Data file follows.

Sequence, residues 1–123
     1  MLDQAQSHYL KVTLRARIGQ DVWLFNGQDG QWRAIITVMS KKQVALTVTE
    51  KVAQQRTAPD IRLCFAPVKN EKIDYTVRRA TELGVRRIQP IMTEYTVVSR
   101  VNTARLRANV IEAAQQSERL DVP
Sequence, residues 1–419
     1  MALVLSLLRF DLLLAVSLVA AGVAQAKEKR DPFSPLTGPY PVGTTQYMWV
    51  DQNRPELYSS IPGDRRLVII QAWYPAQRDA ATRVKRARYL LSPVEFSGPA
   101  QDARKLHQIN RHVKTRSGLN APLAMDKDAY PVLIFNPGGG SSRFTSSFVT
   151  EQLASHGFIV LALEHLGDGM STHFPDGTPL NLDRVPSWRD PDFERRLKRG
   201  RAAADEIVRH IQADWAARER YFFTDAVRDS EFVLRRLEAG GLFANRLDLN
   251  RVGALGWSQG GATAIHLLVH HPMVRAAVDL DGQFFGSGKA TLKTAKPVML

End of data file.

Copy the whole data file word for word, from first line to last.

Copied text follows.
Sequence, residues 1–123
     1  MLDQAQSHYL KVTLRARIGQ DVWLFNGQDG QWRAIITVMS KKQVALTVTE
    51  KVAQQRTAPD IRLCFAPVKN EKIDYTVRRA TELGVRRIQP IMTEYTVVSR
   101  VNTARLRANV IEAAQQSERL DVP
Sequence, residues 1–419
     1  MALVLSLLRF DLLLAVSLVA AGVAQAKEKR DPFSPLTGPY PVGTTQYMWV
    51  DQNRPELYSS IPGDRRLVII QAWYPAQRDA ATRVKRARYL LSPVEFSGPA
   101  QDARKLHQIN RHVKTRSGLN APLAMDKDAY PVLIFNPGGG SSRFTSSFVT
   151  EQLASHGFIV LALEHLGDGM STHFPDGTPL NLDRVPSWRD PDFERRLKRG
   201  RAAADEIVRH IQADWAARER YFFTDAVRDS EFVLRRLEAG GLFANRLDLN
   251  RVGALGWSQG GATAIHLLVH HPMVRAAVDL DGQFFGSGKA TLKTAKPVML